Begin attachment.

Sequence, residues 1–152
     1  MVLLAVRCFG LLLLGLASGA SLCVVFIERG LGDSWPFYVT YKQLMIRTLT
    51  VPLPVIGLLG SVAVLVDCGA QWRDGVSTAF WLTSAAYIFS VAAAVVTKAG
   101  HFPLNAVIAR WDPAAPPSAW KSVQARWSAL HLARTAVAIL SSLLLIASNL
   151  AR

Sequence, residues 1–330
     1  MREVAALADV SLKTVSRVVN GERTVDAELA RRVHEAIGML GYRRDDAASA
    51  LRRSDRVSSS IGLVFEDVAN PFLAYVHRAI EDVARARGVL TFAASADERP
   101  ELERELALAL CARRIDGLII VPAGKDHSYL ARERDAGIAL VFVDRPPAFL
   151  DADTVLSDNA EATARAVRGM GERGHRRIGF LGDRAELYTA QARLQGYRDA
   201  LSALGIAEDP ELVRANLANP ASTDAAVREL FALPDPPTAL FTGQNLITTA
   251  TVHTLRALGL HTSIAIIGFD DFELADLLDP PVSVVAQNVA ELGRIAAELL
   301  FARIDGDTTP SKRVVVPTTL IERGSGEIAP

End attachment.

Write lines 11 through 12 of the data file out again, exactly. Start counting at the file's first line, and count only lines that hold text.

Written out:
   201  LSALGIAEDP ELVRANLANP ASTDAAVREL FALPDPPTAL FTGQNLITTA
   251  TVHTLRALGL HTSIAIIGFD DFELADLLDP PVSVVAQNVA ELGRIAAELL